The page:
RB: At 9 years old I wanted to be the first man on Mars; the first man, not just the first Irishman. I have since redefined my dreams, but my wonder and love for the cosmos remains undiminished. That being said I have yet to write a song about the Universe. It is hard to translate that awe. I am hoping this project may break that spell.

Luna: I've written a number of songs about space and the universe - I am fascinated by the matter and see it as a huge source of inspiration. I have a telescope and a number of Brian Cox DVDs so I suppose I'm a bit of a space nerd!

NE: Yes. In my early twenties, while at music college, I created a piece of music that was a series of musical parts that was called The Celestial Map in which it represented various areas and galaxies of the Universe. Also, listening to things like Pink Floyd's soundtrack work and songs like Echoes had a distinct effect on thinking Universally with sound. What I found interesting about Kurokawa's interpretation was the fact he used already existing information and media of the Universe. The palette of choice was there to be exploited. And he has with stunning visual and sensory effect. It's both moving and beautiful. Especially his use of sound.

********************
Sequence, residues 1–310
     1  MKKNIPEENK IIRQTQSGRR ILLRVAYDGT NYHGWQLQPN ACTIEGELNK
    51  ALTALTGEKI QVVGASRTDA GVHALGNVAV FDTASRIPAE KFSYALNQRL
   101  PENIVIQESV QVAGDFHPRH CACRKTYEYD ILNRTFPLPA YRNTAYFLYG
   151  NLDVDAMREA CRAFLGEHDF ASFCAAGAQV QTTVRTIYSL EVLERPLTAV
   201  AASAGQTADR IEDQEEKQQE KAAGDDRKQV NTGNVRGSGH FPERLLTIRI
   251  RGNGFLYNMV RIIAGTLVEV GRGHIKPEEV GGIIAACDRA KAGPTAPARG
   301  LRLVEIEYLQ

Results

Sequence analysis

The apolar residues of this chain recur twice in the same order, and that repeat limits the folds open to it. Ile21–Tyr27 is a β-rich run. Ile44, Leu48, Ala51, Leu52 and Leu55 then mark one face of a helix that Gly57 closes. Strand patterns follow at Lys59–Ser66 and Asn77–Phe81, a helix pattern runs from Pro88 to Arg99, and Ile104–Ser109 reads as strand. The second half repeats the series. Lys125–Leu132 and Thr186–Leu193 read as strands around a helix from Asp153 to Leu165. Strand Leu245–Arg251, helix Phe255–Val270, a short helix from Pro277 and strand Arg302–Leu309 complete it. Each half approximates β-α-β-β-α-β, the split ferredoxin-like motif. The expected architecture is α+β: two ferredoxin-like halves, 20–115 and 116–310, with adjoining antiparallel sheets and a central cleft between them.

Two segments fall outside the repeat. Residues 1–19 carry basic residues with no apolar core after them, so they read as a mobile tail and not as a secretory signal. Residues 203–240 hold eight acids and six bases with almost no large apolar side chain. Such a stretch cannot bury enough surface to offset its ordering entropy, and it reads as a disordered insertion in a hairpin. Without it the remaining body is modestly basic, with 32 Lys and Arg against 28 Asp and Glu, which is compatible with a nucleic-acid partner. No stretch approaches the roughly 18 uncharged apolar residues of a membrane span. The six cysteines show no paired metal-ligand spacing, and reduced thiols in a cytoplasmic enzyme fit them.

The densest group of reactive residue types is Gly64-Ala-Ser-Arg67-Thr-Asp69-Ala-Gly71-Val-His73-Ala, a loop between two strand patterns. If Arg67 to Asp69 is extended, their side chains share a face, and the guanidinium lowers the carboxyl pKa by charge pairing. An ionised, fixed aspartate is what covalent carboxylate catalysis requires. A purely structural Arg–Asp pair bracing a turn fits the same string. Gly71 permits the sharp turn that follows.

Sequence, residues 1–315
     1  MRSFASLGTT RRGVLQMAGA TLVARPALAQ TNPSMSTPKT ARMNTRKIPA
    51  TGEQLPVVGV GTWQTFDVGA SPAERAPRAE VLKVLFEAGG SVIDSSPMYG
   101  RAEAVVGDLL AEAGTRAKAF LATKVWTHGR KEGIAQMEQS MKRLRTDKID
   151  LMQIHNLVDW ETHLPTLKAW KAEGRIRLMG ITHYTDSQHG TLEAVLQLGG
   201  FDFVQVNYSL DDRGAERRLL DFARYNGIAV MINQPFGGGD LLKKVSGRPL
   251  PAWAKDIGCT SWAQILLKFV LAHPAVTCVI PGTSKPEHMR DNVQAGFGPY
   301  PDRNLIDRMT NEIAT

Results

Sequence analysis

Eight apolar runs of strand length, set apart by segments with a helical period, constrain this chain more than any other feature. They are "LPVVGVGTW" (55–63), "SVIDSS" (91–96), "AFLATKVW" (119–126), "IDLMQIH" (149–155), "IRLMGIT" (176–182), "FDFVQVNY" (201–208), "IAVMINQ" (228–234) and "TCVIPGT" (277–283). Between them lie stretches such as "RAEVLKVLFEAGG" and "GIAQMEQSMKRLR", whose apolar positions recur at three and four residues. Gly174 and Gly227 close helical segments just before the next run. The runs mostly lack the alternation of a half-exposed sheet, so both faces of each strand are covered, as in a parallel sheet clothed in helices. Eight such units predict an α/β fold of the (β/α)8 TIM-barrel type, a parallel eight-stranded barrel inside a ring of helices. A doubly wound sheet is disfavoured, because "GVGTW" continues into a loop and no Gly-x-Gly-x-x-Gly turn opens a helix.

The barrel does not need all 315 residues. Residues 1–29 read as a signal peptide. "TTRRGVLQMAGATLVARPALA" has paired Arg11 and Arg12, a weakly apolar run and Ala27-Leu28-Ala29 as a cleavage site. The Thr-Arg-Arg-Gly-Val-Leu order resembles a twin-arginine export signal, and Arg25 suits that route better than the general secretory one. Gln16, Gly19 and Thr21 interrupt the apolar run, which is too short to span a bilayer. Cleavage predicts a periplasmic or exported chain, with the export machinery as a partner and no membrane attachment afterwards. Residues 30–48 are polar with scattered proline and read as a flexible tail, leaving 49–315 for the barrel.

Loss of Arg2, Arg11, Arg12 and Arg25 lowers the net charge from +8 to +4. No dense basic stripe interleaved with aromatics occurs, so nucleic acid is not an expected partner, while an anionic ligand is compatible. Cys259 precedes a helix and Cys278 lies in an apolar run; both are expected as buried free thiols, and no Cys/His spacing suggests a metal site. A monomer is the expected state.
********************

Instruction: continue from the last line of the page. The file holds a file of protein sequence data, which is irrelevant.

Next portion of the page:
And last of all, if you could travel anywhere in the universe, to any time or place... where would you go, and what would you want to see?

DO'G: If the theory of the universe being ‘infinite’ is true, I'd like to witness the other variations of ourselves. By the rule of infinity, whatever we are doing, that exact same ‘scene’ is happening somewhere else (at the exact same time) in the universe except we all have elephant heads, or we speak Klingon. 

RB: The restaurant at the end of the Universe perhaps; although, can you change your perspective of time and space? If so I would love to see how the Universe came to be and watch the first few billion years play out. Or maybe watch the Milky Way form, or our Sun grow into a red giant and devour the Earth, or the first contact between human and intelligent alien life! There are too many options. That being said, at The Restaurant at The End of the Universe, the dish of the day consents to be eaten.

MB: I'd travel to the edge of everything with my best mate Scout.

TM: I'd like to see some kind of big-bang type event - some sort of giant, universe-defining moment.

Luna: Everywhere and everything! I would want to travel out of our galaxy and into as many other ones as I could to see how other solar systems differ from our own, and of course, what other life forms exist out there.

NE: If I could travel anywhere, I'd like to see the Universe's end. Not the disintegration of it, but the actual furthest reach. To see it's further birth. The colours, shapes and the sound. It would be a true spectacle. The nearest thing to what we could describe as Heaven. But, that's the point of imagination and creativity. With this we CAN go there. And that is a beautiful miracle in itself.

Thanks to Mellowtone and Jacaranda Records for their support on programming this event in collaboration with FACT. Find out more about the night which takes place Thursday 5 May.